We’re Sure to Get Somewhere

I used the phrase “down a rabbit hole” in a Huffington Post column this week about the need for a rich, coherent curriculum to close achievement gaps.

My assumption was that readers would recognize the reference to Lewis Carroll’s novel, Alice’s Adventures in Wonderland. That is the book in which a young girl falls into a rabbit hole and encounters a confusing fantasy world populated with a White Rabbit, a Mad Hatter, and a Cheshire Cat, among others — all of whom are iconic literary figures. Anyone who doesn’t recognize those characters and at least vaguely understand what they represent is bound to miss the meaning of many conversations and stories.

Ensuring that students know the things educated people generally know is one of the basic arguments for ensuring that students are exposed to a rich, coherent curriculum that systematically builds knowledge about history, science, literature, and the arts.

Without that clear direction, we are left — in one of Alice’s arguably most profound encounters — to the advice of the Cheshire Cat:

“Would you tell me, please, which way I ought to go from here?” [asked Alice]

“That depends a good deal on where you want to get to,” said the Cat.

“I don’t much care where —” said Alice.

“Then it doesn’t matter which way you go,” said the Cat.

“— so long as I get SOMEWHERE,” Alice added as an explanation.

“Oh, you’re sure to do that,” said the Cat, “if you only walk long enough.”

Don’t Forget the Importance of Breakfast This Back-to-School Season


As adults, we’re told of the importance of starting our days with breakfast — to get our metabolism going, to give us energy, to help us focus. Not surprisingly, these reasons apply to children as well, but far too many of them come to school hungry, which can make it difficult for them stay on task.

Children who start their day with breakfast at school, on the other hand, demonstrate higher achievement, better attendance, fewer behavior problems, and an improved diet. Children who don’t are at a disadvantage, which is why the School Breakfast Program is so important. In light of back-to-school time, we’d like to highlight a few resources that illustrate the impact of school breakfast and the ongoing efforts to deliver it to more students nationally: Continue reading

Help on the Way?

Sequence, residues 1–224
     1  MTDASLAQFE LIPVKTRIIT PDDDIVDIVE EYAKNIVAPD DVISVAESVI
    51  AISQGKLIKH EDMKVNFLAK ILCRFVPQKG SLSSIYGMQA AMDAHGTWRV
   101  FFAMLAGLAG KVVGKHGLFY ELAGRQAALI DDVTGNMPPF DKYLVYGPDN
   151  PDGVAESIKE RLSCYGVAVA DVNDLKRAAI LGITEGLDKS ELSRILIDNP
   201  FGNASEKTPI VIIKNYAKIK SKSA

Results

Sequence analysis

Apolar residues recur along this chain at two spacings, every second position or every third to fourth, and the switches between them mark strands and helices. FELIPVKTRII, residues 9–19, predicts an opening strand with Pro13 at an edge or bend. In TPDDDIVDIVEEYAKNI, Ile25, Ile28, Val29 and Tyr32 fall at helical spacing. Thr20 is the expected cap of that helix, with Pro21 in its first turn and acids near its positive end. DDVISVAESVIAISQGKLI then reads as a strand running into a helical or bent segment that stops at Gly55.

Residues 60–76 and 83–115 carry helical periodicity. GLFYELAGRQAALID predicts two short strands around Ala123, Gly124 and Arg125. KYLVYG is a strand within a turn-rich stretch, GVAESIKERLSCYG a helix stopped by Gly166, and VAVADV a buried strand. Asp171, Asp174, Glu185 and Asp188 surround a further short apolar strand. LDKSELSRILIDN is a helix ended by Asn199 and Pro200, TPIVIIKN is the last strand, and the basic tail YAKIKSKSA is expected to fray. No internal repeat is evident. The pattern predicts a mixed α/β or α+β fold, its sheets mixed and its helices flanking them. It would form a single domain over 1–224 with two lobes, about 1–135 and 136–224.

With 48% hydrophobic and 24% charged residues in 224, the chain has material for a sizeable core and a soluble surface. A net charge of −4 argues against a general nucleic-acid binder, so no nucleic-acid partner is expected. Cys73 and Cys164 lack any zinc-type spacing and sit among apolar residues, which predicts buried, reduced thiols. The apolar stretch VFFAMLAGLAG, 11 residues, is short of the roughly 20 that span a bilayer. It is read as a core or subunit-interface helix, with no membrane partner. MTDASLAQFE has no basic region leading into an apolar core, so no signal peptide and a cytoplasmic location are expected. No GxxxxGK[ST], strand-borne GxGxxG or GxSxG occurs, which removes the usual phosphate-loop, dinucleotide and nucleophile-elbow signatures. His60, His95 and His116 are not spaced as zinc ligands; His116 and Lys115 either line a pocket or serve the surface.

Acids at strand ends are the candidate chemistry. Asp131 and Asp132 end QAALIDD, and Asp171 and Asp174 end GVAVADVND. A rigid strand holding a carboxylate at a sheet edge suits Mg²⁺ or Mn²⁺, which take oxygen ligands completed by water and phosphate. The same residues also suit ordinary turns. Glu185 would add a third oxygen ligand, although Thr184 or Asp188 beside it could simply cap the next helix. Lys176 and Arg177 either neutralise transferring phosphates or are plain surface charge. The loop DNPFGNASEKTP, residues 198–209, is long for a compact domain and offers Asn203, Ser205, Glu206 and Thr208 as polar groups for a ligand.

A recent poll by the Education Week Research Center reaffirms what other polls have shown — that teachers are well aware that the textbooks and materials they are expected to use do not line up with the standards they are expected to satisfy.

That was true when there were 50 different state standards, and it remains true now that 43 states have adopted the Common Core. Continue reading

Vote for Ed Trust at SXSWedu 2015!

Every March, Austin, Texas is abuzz with the SXSWedu® Conference & Festival. It brings together educators, advocates, journalists, and others to engage in and collaborate on various education issues. The best part? SXSWedu asks for community input to decide the programming for the conference. So, Ed Trust needs your help! Let’s make sure there are substantive panels about equity in education, led by the Ed Trust team.

SXSWeduClick to read more about our sessions below, and be sure to give them a “thumbs up” so that they’re included during SXSWedu 2015: Continue reading

Helping the Rich Get Richer — At Every Level

School funding in America is unequal. As a nation, we spend less in the places with the highest percentages of low-income students — not just in states and districts, but also in the specific schools they attend. It’s hard to imagine any additional inequity built into this system, but a new analysis suggests that there is — funding disparities actually exist between classrooms within the same school. Continue reading

A Teacher Who Saw the Tragedy of Harsh and Arbitrary Discipline

I’ve been rereading Up the Down Staircase, the 1964 classic tale of a dysfunctional urban high school, and one of the points that struck me is that one of the students worst served by the school was Italian-American.

In all the current discussions about achievement gaps among ethnic groups, it is often forgotten that back in the ‘60s and ‘70s, Italian-American students — particularly boys — were often marginalized and expected to drop out of school before graduation. Continue reading